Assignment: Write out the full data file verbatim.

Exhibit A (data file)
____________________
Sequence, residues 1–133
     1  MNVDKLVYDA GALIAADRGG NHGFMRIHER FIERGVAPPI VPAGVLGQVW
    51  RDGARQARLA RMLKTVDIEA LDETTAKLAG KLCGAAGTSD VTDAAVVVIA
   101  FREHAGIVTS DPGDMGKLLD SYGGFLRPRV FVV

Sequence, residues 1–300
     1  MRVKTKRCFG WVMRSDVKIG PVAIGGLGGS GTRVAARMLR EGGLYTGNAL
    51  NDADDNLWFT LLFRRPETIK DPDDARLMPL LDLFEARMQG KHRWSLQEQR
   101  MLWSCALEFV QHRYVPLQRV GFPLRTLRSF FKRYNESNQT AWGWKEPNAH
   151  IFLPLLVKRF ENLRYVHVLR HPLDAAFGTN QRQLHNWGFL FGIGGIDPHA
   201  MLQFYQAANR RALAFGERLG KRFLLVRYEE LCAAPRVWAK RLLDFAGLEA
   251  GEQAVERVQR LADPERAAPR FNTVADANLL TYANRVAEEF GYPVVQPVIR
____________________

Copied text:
Sequence, residues 1–133
     1  MNVDKLVYDA GALIAADRGG NHGFMRIHER FIERGVAPPI VPAGVLGQVW
    51  RDGARQARLA RMLKTVDIEA LDETTAKLAG KLCGAAGTSD VTDAAVVVIA
   101  FREHAGIVTS DPGDMGKLLD SYGGFLRPRV FVV

Sequence, residues 1–300
     1  MRVKTKRCFG WVMRSDVKIG PVAIGGLGGS GTRVAARMLR EGGLYTGNAL
    51  NDADDNLWFT LLFRRPETIK DPDDARLMPL LDLFEARMQG KHRWSLQEQR
   101  MLWSCALEFV QHRYVPLQRV GFPLRTLRSF FKRYNESNQT AWGWKEPNAH
   151  IFLPLLVKRF ENLRYVHVLR HPLDAAFGTN QRQLHNWGFL FGIGGIDPHA
   201  MLQFYQAANR RALAFGERLG KRFLLVRYEE LCAAPRVWAK RLLDFAGLEA
   251  GEQAVERVQR LADPERAAPR FNTVADANLL TYANRVAEEF GYPVVQPVIR